Figure 3. Heavy dust area adjacent to the southwest side of Spine Road. Up to 18 cm of dust and gravel were measured in areas 5 m from the road. This photo shows deeper accumulations within 5 m have elevated the surface creating a relatively well drained gentle slope from the foot of the road that is colonized mainly by a few coastal and dune species (photo from Walker et al., 2015).
Two 200-meter transects (Transect 1 (T1) on the northeast side of the road, and Transect 2 (T2) on the southwest side) were established through polygon centers and troughs extending through 5, 10, 25, 50, 100, and 200 meters from the road. Pin flags were placed at one-meter intervals to 100 m from the road and then at 5 m intervals to 200 m. Vertical 150 cm PVC posts were placed at 50, 100, and 200 m.
Figure 4. Transect 2, at 50 m mark, polygon trough (T2-050-T) (photo from Walker et al., 2015).
Permanent vegetation and soil plots were established along the transects in the polygon centers and troughs. Five additional vegetation plots were established outside the transects, three placed in heavy dust areas within five meters of the road on the south side, and two plots placed in relatively undisturbed mesic tundra at approximately 435 m along Transect 1. Plant communities were noted in four broad habitat types including: 1) Coastal salt marsh vegetation (1 plot), 2) Dry coastal beach and sand dune vegetation (1 plot), 3) Sedge grass and dwarf shrub mire and fen vegetation (19 plots), and 4) Dry and mesic dwarf-shrub and graminoid vegetation on non-acidic substrates (10 plots).
At each pin flag, thaw depth was measured with a 1 m steel thaw probe, water depth and plant canopy heights were measured with a meter stick, and LAI was measured with an AccuPAR LP-80 PAR/LAI Ceptometer. Vegetation type and microrelief were recorded at each meter. Elevations along the transect were measured using a Topcorn RTK (real-time kinematic) GPS HiPer Lite+ and robotic Topcon IS3 surveying instrument. Dust layer thickness was measured at five m intervals by removing a core of soil using a Sharpshooter shovel.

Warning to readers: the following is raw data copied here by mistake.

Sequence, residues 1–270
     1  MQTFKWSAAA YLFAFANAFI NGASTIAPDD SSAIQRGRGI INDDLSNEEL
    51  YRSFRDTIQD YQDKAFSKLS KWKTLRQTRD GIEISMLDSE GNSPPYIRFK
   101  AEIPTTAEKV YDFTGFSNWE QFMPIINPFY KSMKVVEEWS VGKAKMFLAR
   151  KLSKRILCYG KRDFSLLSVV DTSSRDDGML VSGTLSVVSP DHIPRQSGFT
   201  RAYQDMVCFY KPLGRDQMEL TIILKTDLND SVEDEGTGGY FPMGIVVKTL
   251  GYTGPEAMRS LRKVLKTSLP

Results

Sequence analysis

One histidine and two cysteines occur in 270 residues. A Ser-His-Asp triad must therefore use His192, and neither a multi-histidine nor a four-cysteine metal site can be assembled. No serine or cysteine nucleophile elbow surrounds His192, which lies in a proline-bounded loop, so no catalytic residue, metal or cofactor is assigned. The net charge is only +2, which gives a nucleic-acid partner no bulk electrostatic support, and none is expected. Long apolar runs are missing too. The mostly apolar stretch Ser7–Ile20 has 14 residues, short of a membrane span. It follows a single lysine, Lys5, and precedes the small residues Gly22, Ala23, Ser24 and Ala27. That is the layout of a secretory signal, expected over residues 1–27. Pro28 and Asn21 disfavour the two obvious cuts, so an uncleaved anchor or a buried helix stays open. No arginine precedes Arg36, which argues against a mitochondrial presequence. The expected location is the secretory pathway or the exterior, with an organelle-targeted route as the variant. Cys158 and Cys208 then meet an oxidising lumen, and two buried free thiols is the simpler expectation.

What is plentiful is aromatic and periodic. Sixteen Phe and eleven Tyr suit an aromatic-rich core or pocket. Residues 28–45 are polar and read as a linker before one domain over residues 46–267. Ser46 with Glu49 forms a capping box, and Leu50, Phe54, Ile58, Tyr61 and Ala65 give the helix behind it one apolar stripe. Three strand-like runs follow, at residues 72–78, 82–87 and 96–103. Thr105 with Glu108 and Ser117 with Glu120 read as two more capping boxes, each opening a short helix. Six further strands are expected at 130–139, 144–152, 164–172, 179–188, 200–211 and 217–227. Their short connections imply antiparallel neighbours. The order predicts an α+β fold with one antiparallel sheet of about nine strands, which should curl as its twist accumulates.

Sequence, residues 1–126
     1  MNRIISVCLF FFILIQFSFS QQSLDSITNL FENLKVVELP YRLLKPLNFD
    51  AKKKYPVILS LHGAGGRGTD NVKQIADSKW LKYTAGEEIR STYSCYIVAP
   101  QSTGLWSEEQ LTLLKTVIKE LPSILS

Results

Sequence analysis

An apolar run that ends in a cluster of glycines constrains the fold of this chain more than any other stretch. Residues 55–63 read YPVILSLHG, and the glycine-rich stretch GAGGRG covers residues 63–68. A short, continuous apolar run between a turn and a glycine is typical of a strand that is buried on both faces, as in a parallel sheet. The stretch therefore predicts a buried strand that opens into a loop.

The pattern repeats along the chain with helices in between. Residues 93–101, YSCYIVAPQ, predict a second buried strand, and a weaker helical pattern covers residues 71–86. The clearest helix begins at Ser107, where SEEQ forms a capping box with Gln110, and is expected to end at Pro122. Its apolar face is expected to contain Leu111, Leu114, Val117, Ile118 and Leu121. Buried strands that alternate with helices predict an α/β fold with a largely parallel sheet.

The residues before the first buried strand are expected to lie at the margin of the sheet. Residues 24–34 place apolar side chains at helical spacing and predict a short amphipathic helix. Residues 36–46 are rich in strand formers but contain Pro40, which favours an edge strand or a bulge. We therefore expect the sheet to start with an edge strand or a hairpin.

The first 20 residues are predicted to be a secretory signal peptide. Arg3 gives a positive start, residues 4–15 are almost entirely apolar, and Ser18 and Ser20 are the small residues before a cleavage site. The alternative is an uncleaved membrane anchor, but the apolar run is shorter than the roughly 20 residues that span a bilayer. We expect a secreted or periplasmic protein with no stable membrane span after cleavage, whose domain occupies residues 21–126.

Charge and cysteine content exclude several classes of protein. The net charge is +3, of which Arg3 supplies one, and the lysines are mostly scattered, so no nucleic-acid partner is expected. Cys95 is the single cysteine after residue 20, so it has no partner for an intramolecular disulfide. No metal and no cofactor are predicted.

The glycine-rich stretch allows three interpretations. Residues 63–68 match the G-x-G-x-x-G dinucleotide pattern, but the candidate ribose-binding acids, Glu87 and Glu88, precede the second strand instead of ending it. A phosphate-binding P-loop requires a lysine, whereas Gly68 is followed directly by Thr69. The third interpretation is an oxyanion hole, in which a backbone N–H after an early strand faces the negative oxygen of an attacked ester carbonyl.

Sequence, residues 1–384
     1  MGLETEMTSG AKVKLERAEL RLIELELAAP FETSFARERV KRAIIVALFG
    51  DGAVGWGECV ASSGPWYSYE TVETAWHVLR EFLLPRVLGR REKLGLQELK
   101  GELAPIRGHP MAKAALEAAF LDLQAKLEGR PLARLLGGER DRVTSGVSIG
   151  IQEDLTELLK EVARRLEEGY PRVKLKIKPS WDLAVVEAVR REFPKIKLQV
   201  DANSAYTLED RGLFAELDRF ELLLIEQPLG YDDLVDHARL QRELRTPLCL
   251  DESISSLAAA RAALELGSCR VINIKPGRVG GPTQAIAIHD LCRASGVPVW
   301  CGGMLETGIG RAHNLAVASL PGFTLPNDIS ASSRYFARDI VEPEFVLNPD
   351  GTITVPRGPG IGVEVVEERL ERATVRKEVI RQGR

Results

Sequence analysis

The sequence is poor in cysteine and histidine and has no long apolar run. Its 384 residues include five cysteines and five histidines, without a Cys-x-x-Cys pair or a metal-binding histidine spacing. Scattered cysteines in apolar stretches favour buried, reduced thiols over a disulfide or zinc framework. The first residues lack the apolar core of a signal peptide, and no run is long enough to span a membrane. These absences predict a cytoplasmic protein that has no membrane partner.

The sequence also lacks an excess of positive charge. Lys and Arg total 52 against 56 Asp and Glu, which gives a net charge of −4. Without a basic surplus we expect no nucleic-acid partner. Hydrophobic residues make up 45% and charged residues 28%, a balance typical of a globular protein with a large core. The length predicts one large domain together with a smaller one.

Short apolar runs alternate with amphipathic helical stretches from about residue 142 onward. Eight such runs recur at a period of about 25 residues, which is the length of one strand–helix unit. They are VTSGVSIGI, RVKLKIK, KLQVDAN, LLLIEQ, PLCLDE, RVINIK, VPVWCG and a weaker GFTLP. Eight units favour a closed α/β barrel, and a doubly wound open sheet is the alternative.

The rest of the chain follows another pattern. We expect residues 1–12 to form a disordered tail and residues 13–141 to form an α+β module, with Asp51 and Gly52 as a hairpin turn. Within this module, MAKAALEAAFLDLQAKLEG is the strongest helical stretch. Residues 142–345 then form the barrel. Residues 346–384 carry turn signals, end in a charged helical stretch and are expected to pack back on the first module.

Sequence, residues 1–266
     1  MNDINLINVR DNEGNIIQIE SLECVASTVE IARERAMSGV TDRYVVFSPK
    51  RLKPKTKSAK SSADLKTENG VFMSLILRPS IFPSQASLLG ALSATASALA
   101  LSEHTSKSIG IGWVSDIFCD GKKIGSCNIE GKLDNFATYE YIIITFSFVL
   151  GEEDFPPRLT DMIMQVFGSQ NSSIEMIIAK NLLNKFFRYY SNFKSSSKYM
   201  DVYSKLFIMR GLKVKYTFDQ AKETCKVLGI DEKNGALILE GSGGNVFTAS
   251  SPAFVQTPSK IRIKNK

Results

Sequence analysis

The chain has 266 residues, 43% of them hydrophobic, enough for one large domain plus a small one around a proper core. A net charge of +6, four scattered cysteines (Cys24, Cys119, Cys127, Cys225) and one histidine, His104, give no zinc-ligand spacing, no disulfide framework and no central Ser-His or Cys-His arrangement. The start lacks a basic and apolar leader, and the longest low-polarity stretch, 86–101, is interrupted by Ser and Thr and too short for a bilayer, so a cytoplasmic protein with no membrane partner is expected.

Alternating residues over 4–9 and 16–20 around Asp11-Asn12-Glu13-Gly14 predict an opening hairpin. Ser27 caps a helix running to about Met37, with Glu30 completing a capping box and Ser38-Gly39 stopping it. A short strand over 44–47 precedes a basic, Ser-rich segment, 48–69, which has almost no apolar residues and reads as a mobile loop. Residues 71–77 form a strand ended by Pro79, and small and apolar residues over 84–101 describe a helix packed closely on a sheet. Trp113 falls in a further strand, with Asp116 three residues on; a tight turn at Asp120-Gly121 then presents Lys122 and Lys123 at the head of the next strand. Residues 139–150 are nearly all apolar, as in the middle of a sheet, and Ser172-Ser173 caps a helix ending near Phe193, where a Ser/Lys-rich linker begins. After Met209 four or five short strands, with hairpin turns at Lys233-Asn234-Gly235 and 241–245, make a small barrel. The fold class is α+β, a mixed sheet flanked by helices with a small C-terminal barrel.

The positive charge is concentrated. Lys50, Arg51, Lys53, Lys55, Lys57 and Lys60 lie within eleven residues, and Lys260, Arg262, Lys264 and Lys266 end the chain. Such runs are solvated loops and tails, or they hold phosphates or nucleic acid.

Figure 5. Measurements and instrumentation at a permanent 1 m plot. The plot is marked by short wooden stakes in the four corners and a photo point in the center of the plot with the plot number engraved on the aluminum cap that is attached to an 18-inch piece of steel rebar rod. Temperature loggers are attached to the short white stake in the foreground; the tall stake is for measuring snow depths and has temperature loggers attached to record air and snow temperature (once the logger is covered by snow). Martha Raynolds is measuring leaf-area index (LAI) (photo from Walker et al., 2015).
Soils were classified using the USDA Soil Taxonomy (Soil Survey Staff 1999). *Layer code: indicates if the soil samples were taken from the dust horizon (1) or organic horizon (2) immediately below the dust layer. Soil temperature loggers were installed at all plots, and air and snow temperature loggers were installed along T1. A soil core was extracted using a Sharpshooter shovel for laboratory analysis. Peat samples were classified using the von Post scale (von Post et al.,1926). The fiber and roots were estimated following Malterer et al. (1992).